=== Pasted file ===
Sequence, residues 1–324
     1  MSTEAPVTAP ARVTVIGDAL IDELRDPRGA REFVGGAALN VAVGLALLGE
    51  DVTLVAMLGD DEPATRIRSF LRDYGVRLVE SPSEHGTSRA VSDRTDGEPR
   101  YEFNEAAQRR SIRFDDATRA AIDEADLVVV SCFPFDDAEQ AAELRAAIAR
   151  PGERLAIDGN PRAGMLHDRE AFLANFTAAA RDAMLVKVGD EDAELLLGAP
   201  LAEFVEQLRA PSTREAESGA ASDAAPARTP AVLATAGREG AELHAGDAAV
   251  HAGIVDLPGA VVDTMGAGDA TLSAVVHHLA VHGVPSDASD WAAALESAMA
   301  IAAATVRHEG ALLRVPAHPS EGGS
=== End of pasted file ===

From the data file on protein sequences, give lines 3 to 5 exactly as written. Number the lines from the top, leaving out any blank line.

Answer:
    51  DVTLVAMLGD DEPATRIRSF LRDYGVRLVE SPSEHGTSRA VSDRTDGEPR
   101  YEFNEAAQRR SIRFDDATRA AIDEADLVVV SCFPFDDAEQ AAELRAAIAR
   151  PGERLAIDGN PRAGMLHDRE AFLANFTAAA RDAMLVKVGD EDAELLLGAP